On Becoming a “Tech-Healthy” Family

Do you remember getting your first driver’s license? What I remember, beyond the long line at the DMV, was the steady stream of advice from my father: wear your seatbelt, keep your windshield clean, turn the wheel into an icy slide, steer clear of aggressive drivers, never ever drink and drive. These conversations did not end when I slipped that glossy new license into my wallet. Thirty years later, he still likes to remind me to adjust my mirrors, and sometimes I have to remind him to use his blinker. Healthy families have these kinds of conversations – it’s one way we demonstrate that we care and that we take responsibility for each other. Technology affords a similar opportunity.

On Tuesday, Janell Burley Hofmann spoke to our students in a special assembly. Hofmann is the author of the book iRules: What Every Tech-Healthy Family Needs to Know About Selfies, Sexting, Gaming, and Growing Up. She was wonderful. I know some of you had the opportunity to hear her that evening, but for those who missed it, let me share some highlights.

Hofmann believes that children are more likely to develop positive tech skills when parents model healthy habits and engage in direct, open conversation with their children. For example, when Hofmann gave her 13-year-old son an iPhone for Christmas, she also gave him a “contract” with 18 line items. Let me share a few with you – I guarantee you’ll want to read the rest.

  • It is my phone. I bought it. I pay for it. I am loaning it to you. Aren’t I the greatest?
  • I will always know the password.
  • Hand the phone to one of your parents promptly at 7:30 p.m. every school night and every weekend night at 9:00 p.m. It will be shut off for the night and turned on again at 7:30 a.m.
  • Turn it off, silence it, put it away in public. Especially in a restaurant, at the movies, or while speaking with another human being. You are not a rude person; do not allow the iPhone to change that.
  • Do not text, email, or say anything through this device you would not say in person.
  • Play a game with words or puzzles or brain teasers every now and then.
  • Keep your eyes up. See the world happening around you. Stare out a window. Listen to the birds. Take a walk. Talk to a stranger. Wonder without googling.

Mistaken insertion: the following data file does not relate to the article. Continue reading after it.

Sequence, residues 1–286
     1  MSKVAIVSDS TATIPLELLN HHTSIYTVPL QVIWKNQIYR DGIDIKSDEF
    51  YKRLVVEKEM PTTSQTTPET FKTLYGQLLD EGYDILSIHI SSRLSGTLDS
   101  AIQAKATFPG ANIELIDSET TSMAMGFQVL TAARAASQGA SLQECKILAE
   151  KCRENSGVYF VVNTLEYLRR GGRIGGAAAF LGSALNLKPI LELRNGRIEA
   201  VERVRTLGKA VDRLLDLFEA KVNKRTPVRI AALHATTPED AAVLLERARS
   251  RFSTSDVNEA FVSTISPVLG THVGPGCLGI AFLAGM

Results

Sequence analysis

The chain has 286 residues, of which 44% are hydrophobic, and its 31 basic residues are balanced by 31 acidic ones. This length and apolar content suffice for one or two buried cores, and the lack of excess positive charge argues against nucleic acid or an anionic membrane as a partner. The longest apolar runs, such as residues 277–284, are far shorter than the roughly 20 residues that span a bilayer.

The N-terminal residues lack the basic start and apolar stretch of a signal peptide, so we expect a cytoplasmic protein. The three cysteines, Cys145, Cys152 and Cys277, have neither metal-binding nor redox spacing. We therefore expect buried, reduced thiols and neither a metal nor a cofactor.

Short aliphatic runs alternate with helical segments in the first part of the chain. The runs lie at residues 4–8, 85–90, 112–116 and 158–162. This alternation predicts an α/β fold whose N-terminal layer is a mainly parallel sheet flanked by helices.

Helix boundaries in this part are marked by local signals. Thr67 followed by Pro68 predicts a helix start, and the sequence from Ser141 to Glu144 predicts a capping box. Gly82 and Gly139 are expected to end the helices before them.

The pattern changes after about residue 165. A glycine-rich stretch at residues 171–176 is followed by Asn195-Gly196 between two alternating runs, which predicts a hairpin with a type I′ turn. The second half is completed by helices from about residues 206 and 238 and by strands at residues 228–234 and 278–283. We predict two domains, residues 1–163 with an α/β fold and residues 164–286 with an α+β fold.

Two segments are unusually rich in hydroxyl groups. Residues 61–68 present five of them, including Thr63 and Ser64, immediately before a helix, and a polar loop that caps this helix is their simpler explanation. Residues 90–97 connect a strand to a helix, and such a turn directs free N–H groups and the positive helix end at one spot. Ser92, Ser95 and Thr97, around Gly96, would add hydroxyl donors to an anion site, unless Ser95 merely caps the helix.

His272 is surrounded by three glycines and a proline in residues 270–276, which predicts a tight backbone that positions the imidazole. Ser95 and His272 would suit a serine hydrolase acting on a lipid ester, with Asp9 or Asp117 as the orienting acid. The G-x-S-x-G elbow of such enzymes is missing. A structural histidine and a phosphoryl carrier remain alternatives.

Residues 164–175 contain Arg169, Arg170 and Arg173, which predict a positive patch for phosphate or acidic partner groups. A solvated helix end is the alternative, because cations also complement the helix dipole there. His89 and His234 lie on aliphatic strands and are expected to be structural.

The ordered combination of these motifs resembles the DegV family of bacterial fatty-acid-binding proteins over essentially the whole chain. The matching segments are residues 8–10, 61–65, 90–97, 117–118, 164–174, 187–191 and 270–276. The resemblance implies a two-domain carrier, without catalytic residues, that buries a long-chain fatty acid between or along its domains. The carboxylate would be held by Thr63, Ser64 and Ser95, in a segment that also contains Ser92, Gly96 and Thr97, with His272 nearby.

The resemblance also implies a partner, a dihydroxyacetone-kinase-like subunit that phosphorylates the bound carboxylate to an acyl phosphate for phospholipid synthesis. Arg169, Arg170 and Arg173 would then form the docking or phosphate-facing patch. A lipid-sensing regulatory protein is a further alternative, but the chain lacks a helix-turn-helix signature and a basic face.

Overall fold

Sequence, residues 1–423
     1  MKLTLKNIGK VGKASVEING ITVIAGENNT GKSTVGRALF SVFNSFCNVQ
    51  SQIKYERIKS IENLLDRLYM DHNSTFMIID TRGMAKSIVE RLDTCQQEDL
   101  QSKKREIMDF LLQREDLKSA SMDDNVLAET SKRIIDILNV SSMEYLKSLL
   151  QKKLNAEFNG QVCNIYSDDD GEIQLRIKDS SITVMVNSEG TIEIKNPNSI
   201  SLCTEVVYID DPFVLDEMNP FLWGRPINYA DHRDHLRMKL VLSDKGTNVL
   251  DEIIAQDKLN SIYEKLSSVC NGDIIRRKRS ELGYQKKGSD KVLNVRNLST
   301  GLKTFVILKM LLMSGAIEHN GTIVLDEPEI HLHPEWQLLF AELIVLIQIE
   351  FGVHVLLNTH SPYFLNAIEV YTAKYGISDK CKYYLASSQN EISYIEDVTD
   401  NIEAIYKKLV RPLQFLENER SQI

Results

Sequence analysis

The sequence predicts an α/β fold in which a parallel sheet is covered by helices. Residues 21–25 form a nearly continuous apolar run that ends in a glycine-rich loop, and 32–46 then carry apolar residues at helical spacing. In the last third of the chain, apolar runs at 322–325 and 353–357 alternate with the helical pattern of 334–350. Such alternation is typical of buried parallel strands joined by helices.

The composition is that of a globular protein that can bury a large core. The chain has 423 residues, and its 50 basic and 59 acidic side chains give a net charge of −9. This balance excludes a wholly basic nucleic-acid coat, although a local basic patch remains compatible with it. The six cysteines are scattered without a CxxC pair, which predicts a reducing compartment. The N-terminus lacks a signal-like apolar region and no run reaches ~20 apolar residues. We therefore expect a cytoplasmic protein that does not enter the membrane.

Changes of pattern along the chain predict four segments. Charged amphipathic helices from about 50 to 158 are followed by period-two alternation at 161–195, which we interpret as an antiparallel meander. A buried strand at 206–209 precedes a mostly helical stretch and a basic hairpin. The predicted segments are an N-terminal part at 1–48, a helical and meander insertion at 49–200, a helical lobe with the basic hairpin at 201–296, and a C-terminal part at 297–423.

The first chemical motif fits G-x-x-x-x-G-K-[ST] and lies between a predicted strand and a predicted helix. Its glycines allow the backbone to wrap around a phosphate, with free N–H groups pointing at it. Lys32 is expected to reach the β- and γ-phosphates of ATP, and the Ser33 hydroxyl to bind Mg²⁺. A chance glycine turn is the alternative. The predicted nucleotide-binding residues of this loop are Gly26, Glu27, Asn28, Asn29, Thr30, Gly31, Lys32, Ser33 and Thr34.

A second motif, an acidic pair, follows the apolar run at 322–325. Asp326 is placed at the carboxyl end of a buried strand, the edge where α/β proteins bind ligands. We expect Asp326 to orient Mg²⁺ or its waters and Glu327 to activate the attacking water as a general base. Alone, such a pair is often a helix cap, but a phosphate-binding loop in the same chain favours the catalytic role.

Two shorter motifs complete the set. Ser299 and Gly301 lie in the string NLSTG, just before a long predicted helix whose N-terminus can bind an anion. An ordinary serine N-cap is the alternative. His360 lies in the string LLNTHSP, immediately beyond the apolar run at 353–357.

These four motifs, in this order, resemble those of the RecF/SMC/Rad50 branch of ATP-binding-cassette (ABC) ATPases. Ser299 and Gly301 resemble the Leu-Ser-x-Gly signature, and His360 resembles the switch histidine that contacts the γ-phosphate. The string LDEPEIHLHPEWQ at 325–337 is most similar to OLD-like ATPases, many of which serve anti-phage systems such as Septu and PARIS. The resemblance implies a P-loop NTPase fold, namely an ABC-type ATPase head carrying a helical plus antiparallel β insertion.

• You will mess up. I will take away your phone. We will sit down and talk about it. We will start over again. You and I, we are always learning. I am on your team. We are in this together.

It’s a refreshing contract – a mixture of humor and gravity, standards and aspirations. She has high expectations for her child, she provides boundary lines, and she knows that it won’t be entirely smooth sailing.

It reminds me – on a family level – of what we are trying to do with our Responsible Use Policy. As I wrote in October, when we created the Responsible Use Policy (RUP) this year, we made a deliberate decision to focus more on “DO’s” than on “DON’Ts.” Our children need guidance as they navigate digital social spaces; they need regular conversations with parents and teachers; they need safe places to take their questions and concerns; they need to know our expectations for digital citizenship; and they need help when they – inevitably — make mistakes or stumble upon something upsetting.

Hofmann’s message is vital: We don’t need to be afraid of technology; rather we need to have open and direct conversations with our kids about technology, including how it can enhance our lives when used properly.

One year after giving her son this contract, she wrote a follow-up article “What I Know One Year After Giving My Teenager An iPhone Contract.” Among other things, she notes that this contract kept the lines of communication open: “If I don’t know the latest app or social networking site, I go right to the source and say, ‘Show me.’ I learn about what he’s using and how he’s using it. Then I use it too. I don’t feel so overwhelmed, but empowered. And G knows that our family understands technology, so it’s not a secret or underground, but front and center.” Just as it should be.

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